Q: so, how did they decide to make the keyboard in non-alphabetical order? What’s up with the QWERTY thing?
A: ask Doug has been answering your questions for 9 ½ years. this is one of the queries that crops up about once a year.
I don’t ever remember it being asked by a student learning to use the computer, formerly typewriter, keyboard. It’s always someone with some maturity, at least in age.
Here’s my answer from years gone by:
C.L. Sholes, a Milwaukee inventor, built the first typewriter in 1868 with the keys arranged alphabetically in only two rows.
The machine was pretty clumsy and the keys kept sticking. he figured out, after seeing a study by educator Amos Densmore, that arranging the keys differently would reduce those jams simply by moving keys that are commonly used together, like “th,” away from each other.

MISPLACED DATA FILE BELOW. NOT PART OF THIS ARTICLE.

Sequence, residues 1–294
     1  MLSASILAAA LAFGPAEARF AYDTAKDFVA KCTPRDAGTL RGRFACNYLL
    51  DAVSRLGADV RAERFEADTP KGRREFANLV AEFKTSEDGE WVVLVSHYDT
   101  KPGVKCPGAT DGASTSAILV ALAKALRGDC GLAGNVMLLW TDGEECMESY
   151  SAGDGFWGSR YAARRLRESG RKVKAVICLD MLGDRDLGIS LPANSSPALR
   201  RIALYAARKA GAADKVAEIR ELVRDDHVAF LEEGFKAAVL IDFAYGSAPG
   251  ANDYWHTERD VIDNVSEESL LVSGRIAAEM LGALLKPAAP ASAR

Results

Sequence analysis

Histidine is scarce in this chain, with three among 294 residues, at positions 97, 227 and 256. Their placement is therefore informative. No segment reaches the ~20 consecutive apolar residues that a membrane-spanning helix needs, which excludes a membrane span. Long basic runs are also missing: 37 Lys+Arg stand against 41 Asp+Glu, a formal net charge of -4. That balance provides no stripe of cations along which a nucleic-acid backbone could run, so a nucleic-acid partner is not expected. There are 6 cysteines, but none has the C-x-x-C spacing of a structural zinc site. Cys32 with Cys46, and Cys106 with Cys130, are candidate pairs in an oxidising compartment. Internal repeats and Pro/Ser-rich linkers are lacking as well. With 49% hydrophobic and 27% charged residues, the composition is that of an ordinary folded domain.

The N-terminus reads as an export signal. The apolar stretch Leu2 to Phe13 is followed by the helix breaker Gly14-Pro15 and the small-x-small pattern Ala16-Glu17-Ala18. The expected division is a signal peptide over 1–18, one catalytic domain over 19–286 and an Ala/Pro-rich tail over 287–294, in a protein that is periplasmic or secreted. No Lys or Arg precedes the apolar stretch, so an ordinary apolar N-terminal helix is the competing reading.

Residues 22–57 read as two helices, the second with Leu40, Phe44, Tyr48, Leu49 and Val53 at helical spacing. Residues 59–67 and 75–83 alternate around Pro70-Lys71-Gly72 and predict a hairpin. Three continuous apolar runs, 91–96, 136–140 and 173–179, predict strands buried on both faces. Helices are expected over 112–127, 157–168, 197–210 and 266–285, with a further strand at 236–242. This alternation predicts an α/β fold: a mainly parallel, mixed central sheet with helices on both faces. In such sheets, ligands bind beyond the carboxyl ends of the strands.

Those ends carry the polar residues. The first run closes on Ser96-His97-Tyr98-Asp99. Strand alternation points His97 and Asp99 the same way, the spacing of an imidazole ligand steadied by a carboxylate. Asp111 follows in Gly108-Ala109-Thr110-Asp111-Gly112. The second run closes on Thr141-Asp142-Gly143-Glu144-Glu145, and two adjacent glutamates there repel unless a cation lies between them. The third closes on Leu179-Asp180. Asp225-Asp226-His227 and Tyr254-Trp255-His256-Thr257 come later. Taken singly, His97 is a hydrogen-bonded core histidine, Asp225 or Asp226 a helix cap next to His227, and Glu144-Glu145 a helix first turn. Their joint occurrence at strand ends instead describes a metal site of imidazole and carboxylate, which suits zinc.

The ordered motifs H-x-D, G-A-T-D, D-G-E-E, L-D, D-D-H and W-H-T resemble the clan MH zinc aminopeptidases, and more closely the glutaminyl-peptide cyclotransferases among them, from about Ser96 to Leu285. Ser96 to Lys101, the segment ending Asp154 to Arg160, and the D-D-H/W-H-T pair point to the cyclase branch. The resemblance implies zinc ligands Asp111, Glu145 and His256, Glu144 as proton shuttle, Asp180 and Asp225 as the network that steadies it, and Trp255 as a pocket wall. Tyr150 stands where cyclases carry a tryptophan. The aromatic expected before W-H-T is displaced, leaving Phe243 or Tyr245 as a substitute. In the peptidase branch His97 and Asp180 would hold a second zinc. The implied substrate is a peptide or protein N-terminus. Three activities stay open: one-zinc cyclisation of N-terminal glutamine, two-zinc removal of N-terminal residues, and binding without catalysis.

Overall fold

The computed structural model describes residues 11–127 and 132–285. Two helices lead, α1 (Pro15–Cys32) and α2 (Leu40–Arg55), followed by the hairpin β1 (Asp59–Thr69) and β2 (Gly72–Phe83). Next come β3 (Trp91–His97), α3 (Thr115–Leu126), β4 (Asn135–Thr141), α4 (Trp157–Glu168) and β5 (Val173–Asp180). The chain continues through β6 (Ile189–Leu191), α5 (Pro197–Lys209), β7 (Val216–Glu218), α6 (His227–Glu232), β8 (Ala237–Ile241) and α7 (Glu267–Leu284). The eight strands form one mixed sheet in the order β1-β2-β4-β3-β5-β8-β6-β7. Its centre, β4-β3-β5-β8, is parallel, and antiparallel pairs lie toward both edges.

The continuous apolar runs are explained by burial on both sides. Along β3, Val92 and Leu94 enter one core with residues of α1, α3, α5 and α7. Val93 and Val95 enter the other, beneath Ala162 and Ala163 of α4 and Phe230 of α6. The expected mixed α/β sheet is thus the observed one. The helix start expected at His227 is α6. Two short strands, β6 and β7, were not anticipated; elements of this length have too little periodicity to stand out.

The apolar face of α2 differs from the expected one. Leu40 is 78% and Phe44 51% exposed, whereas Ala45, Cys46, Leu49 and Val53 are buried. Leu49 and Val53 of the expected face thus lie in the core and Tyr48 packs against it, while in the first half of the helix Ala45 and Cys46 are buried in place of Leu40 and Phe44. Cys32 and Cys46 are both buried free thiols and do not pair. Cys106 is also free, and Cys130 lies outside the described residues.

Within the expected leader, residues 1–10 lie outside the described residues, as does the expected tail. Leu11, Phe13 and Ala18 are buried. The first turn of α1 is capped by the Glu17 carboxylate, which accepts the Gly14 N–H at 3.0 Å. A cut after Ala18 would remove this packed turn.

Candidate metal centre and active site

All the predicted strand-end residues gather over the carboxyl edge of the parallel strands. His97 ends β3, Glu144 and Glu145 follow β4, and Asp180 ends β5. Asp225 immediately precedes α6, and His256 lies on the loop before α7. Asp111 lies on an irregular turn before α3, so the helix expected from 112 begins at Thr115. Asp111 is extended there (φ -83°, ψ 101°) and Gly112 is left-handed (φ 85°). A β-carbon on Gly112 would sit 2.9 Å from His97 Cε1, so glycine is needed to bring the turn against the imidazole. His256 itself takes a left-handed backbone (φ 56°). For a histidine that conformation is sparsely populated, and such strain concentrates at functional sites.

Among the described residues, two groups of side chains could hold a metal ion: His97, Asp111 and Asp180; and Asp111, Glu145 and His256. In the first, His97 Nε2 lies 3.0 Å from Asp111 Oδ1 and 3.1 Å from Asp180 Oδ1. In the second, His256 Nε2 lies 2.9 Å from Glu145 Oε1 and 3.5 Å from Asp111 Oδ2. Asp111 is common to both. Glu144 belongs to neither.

Thus was born the QWERTY keyboard, named after the first six keys on the top left of the typewriter.
For years, popular writers have accused Sholes of deliberately arranging his keyboard to slow down fast typists who would otherwise jam up his sluggish machine. in fact, his motives were just the opposite.
Ask Doug enjoys answering your questions, and sometimes recycling some of those answers, Monday through Thursday in the Reporter-News.
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